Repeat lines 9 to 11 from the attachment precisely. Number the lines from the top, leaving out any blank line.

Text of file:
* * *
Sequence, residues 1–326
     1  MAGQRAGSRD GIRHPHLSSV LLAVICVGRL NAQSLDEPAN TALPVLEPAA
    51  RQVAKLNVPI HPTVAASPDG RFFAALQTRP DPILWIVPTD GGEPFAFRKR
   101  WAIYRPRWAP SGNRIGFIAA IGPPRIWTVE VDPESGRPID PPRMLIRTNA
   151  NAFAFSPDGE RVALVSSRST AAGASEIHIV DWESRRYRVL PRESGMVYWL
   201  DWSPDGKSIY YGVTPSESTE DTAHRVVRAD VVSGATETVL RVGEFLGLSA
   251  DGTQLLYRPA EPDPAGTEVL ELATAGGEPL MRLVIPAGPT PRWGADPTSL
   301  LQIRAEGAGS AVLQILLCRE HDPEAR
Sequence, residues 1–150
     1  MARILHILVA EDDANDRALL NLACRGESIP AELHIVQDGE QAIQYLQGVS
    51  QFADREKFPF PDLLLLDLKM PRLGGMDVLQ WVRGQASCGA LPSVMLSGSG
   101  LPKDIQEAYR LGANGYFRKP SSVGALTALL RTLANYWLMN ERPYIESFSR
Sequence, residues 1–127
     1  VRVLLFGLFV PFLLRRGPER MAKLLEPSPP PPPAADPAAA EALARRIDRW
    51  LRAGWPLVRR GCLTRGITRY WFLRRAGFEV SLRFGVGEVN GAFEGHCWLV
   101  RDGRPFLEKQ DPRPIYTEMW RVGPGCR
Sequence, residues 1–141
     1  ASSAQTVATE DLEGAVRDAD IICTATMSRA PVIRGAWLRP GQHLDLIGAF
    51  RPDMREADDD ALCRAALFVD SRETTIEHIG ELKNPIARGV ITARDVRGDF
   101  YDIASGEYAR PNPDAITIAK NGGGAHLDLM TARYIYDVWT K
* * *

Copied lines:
Sequence, residues 1–150
     1  MARILHILVA EDDANDRALL NLACRGESIP AELHIVQDGE QAIQYLQGVS
    51  QFADREKFPF PDLLLLDLKM PRLGGMDVLQ WVRGQASCGA LPSVMLSGSG